1. Wow! Thanks for sharing. That is impressive! I hope I work up the guts to recover our comfortable eye sore :0)

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  2. As our first major project like this we were a littler nervous too -- once we got rolling, it was surprisingly straight forward. Good luck, and send us the pictures when you make it fabulous!

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  3. Wow this looks great! I am going to cover a recliner from Ashley's furniture but mine seems to be a little more difficult :/

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  4. Phelicia, thanks! Let us know if you hit any snags or need some suggestions, we'd love to help you create something AWESOME of your own!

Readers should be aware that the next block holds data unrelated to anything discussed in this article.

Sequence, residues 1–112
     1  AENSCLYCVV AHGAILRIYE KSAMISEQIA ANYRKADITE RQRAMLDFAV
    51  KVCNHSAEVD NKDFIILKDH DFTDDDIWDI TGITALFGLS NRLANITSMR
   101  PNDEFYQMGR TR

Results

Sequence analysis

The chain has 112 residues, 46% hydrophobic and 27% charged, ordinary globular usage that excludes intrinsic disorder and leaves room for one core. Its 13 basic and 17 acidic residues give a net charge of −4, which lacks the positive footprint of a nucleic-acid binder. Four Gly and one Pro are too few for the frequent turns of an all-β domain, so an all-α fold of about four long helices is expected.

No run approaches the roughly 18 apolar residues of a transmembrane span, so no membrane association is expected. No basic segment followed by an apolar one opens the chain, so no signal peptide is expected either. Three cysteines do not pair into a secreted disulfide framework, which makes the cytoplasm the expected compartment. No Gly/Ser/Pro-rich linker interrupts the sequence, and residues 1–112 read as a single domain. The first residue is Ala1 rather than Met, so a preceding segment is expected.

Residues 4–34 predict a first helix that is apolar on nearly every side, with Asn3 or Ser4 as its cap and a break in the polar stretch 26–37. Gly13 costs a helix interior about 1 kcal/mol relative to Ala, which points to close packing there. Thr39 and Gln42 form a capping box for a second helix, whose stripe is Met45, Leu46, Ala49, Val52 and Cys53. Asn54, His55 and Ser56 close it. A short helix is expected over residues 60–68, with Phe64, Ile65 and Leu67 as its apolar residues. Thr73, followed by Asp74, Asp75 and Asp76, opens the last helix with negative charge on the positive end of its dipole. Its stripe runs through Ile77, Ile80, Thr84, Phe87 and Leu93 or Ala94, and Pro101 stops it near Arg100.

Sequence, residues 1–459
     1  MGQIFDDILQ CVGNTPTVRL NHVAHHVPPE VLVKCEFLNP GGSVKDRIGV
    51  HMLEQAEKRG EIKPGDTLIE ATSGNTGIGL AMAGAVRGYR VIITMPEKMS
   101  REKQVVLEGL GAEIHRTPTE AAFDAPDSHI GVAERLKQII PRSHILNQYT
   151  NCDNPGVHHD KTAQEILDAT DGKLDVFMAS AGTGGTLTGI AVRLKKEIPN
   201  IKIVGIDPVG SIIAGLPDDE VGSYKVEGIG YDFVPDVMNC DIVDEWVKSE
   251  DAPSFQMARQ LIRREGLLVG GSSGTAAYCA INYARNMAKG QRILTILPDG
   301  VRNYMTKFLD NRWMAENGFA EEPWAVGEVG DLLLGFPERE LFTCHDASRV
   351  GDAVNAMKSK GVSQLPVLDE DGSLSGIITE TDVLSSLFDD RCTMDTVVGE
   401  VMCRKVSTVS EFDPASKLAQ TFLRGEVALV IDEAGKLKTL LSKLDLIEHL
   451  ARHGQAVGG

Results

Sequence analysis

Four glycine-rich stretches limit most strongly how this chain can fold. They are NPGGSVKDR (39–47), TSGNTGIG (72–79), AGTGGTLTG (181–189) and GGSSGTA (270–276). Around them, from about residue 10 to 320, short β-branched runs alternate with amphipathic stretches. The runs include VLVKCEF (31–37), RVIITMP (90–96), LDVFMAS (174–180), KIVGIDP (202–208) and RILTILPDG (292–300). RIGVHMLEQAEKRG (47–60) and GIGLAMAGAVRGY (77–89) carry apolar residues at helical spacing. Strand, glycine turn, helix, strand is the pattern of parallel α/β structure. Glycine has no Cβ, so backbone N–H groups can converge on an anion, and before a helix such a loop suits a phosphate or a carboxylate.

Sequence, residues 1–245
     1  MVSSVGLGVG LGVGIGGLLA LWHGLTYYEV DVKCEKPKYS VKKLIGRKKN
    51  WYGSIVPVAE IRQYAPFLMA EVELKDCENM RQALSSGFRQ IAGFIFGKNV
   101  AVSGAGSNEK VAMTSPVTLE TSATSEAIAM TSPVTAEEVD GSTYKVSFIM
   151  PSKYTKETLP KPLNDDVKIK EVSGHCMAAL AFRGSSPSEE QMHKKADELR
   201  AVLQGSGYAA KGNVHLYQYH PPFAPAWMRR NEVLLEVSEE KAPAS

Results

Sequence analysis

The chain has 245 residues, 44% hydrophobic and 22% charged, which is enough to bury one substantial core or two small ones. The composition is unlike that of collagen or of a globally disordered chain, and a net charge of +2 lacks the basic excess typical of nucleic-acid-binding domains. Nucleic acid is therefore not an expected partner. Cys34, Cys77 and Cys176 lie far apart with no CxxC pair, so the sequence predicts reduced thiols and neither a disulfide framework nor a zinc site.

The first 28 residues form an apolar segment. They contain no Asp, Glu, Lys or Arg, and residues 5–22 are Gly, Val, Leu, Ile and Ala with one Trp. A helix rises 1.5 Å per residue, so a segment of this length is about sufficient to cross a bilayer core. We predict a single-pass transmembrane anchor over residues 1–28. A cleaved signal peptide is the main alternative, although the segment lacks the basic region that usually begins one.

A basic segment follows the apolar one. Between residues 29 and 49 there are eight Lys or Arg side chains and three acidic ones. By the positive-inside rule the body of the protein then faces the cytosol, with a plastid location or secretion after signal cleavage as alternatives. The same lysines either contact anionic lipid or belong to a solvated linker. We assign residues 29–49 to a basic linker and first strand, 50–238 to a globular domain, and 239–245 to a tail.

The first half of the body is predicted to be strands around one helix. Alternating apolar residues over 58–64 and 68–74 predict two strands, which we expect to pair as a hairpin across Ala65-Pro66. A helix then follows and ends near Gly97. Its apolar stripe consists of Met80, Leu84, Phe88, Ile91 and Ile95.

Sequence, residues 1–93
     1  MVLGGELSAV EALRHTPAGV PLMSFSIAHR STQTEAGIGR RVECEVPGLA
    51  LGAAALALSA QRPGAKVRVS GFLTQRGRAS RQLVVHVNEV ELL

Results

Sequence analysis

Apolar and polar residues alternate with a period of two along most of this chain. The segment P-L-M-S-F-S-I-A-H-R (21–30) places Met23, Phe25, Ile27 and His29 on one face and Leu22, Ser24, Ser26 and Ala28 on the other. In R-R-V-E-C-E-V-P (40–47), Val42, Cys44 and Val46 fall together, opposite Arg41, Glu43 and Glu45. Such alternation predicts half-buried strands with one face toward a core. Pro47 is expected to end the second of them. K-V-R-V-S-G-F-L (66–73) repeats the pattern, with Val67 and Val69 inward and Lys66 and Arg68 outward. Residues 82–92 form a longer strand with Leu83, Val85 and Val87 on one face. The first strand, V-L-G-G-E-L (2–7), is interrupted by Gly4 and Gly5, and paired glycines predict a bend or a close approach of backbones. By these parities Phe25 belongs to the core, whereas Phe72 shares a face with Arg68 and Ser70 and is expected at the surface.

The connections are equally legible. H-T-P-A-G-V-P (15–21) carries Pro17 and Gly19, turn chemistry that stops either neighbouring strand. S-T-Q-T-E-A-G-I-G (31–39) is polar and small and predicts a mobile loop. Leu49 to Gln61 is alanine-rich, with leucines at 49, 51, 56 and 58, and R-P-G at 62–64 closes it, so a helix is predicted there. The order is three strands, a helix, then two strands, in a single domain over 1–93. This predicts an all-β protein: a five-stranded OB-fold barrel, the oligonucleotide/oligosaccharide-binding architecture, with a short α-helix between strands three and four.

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  5. How long do you think this took start to finish? Love it. Feeling brave...might have to try it!

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  6. Had I stuck with it start - finish without taking breaks to do other projects I could probably have had it done within 2 to 3 days. Most of your time is consumed by the breakdown and reassembly!

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  7. Tracy Schneider
    Could you please tell me how much fabric you used?

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  8. Tracy Schneider
    Can you please tell me how much fabric you used?

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  9. Tracy -- for this particular chair I used 7 yards of medium - heavy weight fabric. Depending on the size of your chair you may need more/less!

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  10. Hi! I am looking to redo a recliner that is actually a newer, nursery recliner. There are a few places on your recliner, where the arm roll comes together that looks like there might be piping.... I was just wondering what you would do about that. I don't want to sew any piping :)